Shamsher Bahadur, J.
1. In this appeal preferred by the State Government from the order of acquittal passed by the learned Sessions Judge, Gurdaspur setting aside the conviction and sentence-awarded by the Magistrate a question of law has been raised on which there is some divergence of opinion. Before setting out the point of law it would be useful to recapitulate the undisputed facts relating to the case.
2. A complaint was filed by Parkasho on 27th July, 1961, underSub-section 494 and 109, Indian Penal Code, against Om Parkash,his father Salig Ram Mohan Devi wife of Salig Rami Mela Ram and Kasturi Lal. The allegation of the complainant was that she married Om Parkash about 12 or 13 years ago. Two issues were born out of this union both of whom-are now dead. According to the complainant she was turned out of the house by her husband after she had been given a beating. It is further stated in this complaint that Om Parkash remarried one Pushpa Rani daughter of Mela Ram the fourth accused, with the connivance and consent of Salig Ram and Mohan Devi parents of her husband. These assertions were repeated in the statement which Parkasho made to the Court of Shri V. V. Kohli, Magistrate First Class, Gurdaspur, on 2nd August, 1961.
3. Om Parkash happened to have made a statement in Court in proceedings against him for maintenance brought by Paikasho under Section 488, Criminal Procedure Code, that he contracted second marriage at Jammu with the consent of his wife Parkasho. Her how ever in his later statement which he made in defiance on 23rd May, 1962, under the charge of bigamy repudiated the earlier confession made by him about his second marriage though he admitted having signed the statement made by him on 30tb December, 1981. On a consideration of the evidence the Magistrate convicted Om Parkash alone for bigamy and sentenced him to undergo rigorous imprisonment for six months and to pay a fine of Rs, 100/-. This order of the Magistrate passed on 11th September, 1962 was set aside in appeal by the learned Sessions Judge Gurdaspur, on 23rd November, 1962, it having been held that the second marriage having been solemnized in Jammu, the Court of Gurdaspur had no jurisdiction to try the complaint. It may be added that the accused other than the respondent Om Parkash have been discharged and have no longer any subsisting interest in the appeal.
4. The matter which falls for determination in this appeal is whether the Court at Gurdaspur had jurisdiction to try the complaint of Parkasho for bigamy against the respondent Om Parkash? Before setting out the respective contentions of the parties counsel, it would be well to set out the relevant provisions of law.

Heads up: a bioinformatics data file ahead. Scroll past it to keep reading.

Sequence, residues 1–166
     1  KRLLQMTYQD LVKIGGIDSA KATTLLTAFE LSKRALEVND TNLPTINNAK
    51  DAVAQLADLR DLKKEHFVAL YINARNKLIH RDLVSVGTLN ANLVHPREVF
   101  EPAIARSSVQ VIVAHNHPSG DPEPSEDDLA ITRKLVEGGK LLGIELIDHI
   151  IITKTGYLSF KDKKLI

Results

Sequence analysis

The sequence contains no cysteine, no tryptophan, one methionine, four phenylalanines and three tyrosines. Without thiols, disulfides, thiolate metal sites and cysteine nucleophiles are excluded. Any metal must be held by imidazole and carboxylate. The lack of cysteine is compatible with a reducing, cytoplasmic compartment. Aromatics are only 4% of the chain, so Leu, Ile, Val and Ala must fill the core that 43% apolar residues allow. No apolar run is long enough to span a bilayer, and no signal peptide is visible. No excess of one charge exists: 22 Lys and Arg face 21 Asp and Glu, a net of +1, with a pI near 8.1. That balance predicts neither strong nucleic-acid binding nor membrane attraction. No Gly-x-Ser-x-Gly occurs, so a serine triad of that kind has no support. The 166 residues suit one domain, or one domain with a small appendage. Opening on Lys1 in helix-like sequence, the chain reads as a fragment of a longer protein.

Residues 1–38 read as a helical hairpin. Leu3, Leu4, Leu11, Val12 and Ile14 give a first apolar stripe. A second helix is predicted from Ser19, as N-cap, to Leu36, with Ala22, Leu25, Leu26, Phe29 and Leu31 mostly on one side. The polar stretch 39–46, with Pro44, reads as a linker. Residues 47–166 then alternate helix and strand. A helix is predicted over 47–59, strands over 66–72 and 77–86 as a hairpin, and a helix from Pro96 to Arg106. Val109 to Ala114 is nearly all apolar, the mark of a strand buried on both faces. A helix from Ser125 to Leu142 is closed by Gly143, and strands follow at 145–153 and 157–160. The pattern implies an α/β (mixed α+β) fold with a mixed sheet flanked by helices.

5. Sub-section (2) of Section 1, Criminal P.C. extends it 'to the whole of India except the State of Jammu and Kashmir;....' Clause (j) of sub s. (1) of Section 4 of this Code says:' 'India' means the territories to which this Code extends. The Indian Penal Code likewise defines 'India' in Section 18 as the 'territory of India excluding the State of Jammu and Kashmir.' Extra-territorial jurisdiction is vested in Indian Courts both by the provisions of the Indian Penal Code and the Code of Criminal Procedure. under Section 4, Penal Code:
The provisions of this Code apply also to any offence committed by-
(1) any citizen of India in any place without and beyond India;
(2) any person on any ship or aircraft registered in India wherever it may be. Explanation.--In this section the word 'offence' includes every act committed outside India which, if 'committed in India, would be punishable under this Code.
Section 188 deals with a similar situation in the Code of Criminal Procedure and is to this effect:
When an offence is committed by--
(a) any citizen of India in any place without and beyond India; or
(b) any person on any ship or aircraft registered India, wherever it may be ; may be dealt with in respect of such offence as if it had been committed at any place within India at which he may be found.
So far the provisions of Section 4, Penal Code and Section 188, Criminal P, C. are in substance alike. The proviso to Section 188, Criminal P.C. has an important bearing and is to this effect:
Provided that notwithstanding anything in any of the preceding sections of this Chapter no charge as to any such offence shall be inquired into in India unless the Political Agent, if there is one, for the territory in which the offence is alleged to have been committed, certifies that, in his opinion, the charge ought to be Inquired into in India; and where there is no Political Agent the sanction of the State Government shall be required.
There is another proviso to Section 188 but it need not be reproduced for it has no relevancy to the question which is before us.
6. Two other sections need be adverted to as these have been relied upon by the Learned Counsel for the State, Section 531, Criminal P.C. says: